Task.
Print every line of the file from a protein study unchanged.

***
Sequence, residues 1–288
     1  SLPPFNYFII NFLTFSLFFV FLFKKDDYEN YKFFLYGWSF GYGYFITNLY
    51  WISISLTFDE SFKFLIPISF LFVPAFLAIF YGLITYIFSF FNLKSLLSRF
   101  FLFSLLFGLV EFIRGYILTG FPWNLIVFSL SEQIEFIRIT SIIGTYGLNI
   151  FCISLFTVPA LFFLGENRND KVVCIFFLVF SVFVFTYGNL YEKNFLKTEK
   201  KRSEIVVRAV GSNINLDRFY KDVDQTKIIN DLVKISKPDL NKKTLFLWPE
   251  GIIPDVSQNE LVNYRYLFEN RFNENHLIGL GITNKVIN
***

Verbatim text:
Sequence, residues 1–288
     1  SLPPFNYFII NFLTFSLFFV FLFKKDDYEN YKFFLYGWSF GYGYFITNLY
    51  WISISLTFDE SFKFLIPISF LFVPAFLAIF YGLITYIFSF FNLKSLLSRF
   101  FLFSLLFGLV EFIRGYILTG FPWNLIVFSL SEQIEFIRIT SIIGTYGLNI
   151  FCISLFTVPA LFFLGENRND KVVCIFFLVF SVFVFTYGNL YEKNFLKTEK
   201  KRSEIVVRAV GSNINLDRFY KDVDQTKIIN DLVKISKPDL NKKTLFLWPE
   251  GIIPDVSQNE LVNYRYLFEN RFNENHLIGL GITNKVIN